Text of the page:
In-game advertising is a booming business going into 2022; over the next 12 months, 81% of media buyers plan to scale up in-game spending, according to an Admix report. But things haven’t always been this way. Between the early days of the industry and the modern renaissance, several companies tried to build in-game advertising into a sustainable business, attaining varying levels of success and technological innovation.
Vasilyeva: There were some predecessors, and there were some companies that were successful in the early 2000s. One of them was even acquired by Microsoft. So Microsoft took it seriously and tried to leverage the technology to build it. They didn’t succeed, as you can see, for a number of reasons. I would say the major block was still technology — the lack of technology, lack of scale, lack of the right mindsets. We can talk about [early in-game ad firms] Double Fusion or Massive, the one that was acquired by Microsoft. By the way, the CEO of Double Fusion is our strategic advisor — it’s worth trying to learn from mistakes.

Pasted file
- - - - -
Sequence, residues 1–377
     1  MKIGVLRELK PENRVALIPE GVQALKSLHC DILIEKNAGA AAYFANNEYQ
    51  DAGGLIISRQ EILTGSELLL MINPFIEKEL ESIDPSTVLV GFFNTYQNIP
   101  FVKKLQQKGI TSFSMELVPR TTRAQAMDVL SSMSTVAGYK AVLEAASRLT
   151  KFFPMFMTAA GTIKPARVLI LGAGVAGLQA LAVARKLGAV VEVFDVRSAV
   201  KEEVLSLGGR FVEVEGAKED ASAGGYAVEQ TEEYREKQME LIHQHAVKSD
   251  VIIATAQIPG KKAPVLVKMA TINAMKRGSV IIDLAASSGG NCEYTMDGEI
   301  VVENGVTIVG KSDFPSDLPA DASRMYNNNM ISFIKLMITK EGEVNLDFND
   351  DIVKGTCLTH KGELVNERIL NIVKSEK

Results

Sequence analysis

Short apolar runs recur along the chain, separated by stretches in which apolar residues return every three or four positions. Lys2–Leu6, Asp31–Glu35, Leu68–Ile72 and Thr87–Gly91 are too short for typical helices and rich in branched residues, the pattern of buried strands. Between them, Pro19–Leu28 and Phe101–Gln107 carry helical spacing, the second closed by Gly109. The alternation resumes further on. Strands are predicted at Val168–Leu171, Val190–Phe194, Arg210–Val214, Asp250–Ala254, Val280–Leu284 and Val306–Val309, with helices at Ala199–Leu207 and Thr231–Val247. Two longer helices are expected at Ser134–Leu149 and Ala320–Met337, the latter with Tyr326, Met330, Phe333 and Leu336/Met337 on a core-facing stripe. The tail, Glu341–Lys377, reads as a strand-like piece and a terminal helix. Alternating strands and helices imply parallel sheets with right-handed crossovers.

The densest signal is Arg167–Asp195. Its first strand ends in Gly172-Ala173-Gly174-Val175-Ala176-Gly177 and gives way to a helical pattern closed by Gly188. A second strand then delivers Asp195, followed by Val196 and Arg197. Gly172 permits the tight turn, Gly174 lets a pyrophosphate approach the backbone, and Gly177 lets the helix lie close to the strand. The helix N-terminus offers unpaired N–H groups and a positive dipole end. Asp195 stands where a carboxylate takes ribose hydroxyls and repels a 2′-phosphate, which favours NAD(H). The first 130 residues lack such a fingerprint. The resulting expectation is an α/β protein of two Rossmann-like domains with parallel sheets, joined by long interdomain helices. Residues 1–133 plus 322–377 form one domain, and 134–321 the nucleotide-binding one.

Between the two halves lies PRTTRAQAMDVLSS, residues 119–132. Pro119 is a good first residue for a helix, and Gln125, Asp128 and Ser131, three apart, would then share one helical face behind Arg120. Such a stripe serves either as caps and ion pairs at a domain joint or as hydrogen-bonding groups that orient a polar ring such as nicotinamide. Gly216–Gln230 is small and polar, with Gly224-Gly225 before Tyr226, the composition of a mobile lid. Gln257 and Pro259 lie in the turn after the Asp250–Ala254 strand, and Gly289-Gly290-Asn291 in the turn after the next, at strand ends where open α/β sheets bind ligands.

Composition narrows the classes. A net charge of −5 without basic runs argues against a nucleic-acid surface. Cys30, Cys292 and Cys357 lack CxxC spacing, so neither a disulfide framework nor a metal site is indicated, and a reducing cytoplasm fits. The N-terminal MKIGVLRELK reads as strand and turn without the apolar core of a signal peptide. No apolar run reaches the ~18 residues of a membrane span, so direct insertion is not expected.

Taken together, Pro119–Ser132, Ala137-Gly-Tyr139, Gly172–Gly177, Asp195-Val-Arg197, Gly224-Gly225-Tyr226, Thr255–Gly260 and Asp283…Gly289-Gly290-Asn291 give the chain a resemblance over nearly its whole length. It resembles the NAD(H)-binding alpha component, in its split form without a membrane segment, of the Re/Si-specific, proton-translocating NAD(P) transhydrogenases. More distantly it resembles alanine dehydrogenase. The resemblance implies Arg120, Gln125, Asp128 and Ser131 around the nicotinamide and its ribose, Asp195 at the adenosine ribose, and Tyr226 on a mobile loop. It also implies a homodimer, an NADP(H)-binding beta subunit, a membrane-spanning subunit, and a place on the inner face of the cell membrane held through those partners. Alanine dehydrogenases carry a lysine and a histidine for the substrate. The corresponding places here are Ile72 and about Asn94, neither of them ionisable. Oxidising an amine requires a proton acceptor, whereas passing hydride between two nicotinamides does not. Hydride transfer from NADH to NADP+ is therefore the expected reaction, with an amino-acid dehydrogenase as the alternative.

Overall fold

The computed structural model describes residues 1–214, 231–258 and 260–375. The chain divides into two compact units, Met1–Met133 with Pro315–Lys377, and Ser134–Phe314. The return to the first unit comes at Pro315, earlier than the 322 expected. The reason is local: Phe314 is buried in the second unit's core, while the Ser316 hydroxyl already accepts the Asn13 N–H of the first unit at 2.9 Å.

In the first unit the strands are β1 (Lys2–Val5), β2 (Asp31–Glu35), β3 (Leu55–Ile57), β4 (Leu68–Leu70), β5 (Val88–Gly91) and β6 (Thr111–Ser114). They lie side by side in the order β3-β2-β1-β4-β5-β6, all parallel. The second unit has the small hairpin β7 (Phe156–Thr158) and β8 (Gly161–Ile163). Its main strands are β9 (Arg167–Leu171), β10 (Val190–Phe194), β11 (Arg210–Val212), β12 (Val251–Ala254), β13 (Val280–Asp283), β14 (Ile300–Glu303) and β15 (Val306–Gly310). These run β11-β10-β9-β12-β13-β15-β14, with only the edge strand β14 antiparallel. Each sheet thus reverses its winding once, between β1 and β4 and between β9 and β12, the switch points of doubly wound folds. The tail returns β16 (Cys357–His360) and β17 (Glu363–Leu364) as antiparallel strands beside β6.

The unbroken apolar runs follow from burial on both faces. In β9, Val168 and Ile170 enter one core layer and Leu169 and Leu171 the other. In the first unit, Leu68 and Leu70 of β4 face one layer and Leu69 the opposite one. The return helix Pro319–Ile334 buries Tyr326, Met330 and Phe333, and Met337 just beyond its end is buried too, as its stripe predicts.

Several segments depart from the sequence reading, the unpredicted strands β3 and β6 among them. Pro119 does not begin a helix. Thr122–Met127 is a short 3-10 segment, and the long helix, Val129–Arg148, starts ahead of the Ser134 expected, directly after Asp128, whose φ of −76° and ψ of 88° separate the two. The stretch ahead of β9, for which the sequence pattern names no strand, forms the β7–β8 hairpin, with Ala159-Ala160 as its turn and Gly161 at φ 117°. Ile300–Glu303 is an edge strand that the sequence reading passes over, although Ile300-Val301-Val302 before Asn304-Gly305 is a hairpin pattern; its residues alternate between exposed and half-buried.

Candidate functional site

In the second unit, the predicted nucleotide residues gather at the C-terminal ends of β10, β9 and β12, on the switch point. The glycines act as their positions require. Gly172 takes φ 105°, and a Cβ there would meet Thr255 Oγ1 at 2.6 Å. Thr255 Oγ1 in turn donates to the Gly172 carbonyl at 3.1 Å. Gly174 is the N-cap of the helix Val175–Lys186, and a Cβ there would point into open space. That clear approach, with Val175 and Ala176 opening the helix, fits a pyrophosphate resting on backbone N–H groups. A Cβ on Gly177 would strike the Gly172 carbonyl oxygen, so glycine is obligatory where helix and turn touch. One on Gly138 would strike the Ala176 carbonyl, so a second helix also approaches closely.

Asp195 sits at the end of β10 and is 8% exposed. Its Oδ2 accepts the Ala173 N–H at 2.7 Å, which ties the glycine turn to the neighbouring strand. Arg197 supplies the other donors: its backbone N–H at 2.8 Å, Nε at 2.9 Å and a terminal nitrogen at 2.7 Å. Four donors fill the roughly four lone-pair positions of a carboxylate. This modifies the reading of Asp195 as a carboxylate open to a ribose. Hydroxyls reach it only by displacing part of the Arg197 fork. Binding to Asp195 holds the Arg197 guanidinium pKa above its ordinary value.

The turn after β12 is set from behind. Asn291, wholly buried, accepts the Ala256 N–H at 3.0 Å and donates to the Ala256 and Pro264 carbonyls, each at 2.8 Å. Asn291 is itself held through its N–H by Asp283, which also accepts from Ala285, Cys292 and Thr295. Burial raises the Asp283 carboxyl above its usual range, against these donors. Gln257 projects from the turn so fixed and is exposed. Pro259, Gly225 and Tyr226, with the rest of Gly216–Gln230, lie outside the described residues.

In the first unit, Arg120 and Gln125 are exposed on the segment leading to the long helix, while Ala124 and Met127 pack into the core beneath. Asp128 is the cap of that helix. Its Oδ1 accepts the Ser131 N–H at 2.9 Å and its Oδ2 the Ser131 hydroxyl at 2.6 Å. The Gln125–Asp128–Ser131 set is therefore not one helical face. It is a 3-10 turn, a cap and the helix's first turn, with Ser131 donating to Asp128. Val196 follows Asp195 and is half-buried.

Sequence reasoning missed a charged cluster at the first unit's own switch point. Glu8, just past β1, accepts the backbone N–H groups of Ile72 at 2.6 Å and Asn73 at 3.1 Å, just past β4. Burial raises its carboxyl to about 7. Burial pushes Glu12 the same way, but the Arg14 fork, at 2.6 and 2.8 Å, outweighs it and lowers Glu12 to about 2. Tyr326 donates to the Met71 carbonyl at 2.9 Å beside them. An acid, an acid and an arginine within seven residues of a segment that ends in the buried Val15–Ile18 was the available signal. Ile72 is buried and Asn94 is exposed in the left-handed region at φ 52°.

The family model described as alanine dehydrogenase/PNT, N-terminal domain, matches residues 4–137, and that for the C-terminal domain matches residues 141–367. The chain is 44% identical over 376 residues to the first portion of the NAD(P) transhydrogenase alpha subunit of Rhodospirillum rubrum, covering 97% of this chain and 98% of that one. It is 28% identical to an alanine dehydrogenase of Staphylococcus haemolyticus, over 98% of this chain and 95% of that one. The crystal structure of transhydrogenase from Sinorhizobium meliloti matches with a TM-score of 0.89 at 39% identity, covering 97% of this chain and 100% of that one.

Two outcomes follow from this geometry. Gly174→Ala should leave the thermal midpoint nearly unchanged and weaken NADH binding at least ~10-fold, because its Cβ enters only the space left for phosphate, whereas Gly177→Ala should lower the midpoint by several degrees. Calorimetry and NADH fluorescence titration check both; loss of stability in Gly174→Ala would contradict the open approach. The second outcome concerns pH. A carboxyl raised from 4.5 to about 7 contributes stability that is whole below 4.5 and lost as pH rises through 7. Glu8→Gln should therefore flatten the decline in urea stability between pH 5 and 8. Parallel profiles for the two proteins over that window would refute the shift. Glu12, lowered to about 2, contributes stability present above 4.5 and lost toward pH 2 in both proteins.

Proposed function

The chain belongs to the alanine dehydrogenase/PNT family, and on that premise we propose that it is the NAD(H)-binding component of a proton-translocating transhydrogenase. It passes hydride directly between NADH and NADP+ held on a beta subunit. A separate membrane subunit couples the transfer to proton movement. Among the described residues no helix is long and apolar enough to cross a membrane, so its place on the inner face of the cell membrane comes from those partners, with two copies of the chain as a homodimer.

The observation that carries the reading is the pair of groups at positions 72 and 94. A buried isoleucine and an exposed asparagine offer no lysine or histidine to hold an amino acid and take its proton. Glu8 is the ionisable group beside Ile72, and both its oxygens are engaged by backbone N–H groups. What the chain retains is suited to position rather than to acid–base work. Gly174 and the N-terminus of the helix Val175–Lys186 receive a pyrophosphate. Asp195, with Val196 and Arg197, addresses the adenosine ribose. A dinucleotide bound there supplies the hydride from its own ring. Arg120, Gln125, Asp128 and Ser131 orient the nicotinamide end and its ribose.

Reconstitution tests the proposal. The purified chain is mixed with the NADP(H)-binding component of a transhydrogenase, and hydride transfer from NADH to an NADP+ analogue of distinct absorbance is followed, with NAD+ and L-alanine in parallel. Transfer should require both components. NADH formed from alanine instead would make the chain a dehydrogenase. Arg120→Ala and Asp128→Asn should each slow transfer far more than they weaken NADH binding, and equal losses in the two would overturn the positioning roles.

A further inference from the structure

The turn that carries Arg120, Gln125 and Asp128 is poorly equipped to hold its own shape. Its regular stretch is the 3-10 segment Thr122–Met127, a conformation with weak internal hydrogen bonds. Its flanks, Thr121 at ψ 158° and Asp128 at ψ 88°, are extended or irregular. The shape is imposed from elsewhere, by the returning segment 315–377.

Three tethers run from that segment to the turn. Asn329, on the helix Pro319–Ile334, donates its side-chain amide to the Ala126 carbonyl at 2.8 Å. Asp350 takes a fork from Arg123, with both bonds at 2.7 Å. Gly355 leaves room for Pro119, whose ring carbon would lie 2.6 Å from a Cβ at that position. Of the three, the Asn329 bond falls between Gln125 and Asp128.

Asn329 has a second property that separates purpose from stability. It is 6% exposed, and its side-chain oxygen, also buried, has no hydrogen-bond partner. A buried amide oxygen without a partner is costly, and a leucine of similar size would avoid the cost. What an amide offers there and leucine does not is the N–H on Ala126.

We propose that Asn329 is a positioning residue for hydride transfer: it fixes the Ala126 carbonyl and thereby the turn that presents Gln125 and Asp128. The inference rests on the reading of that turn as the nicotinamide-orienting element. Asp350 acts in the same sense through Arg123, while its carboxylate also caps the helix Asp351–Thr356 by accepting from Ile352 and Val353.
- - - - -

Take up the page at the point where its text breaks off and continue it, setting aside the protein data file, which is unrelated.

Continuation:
Draper: From 2003 to 2010, there was a bit of an arms race between three different companies, one of which was called Massive Inc. Between 2003 and 2006, the industry was pretty much themselves, which was good and bad. In terms of trying to standardize an ad format and get the advertising world to buy into it, while at the same time getting the game producers to sign up to this thing, they did a very good job. But then they sold to Microsoft for at least $10 million back in 2006. When they started with the XBox, that opened up the opportunity for Sony. So two companies, Double Fusion and IGA Worldwide, gunned after the Sony part of the marketplace. It all got a bit chaotic. The technology wasn’t ripened enough, from a programmatic standpoint; the supply side wasn’t quite there; and obviously the gaming side and its connections to the internet were just not as it is today. Both sides were a bit immature, basically, and they all died off by 2010.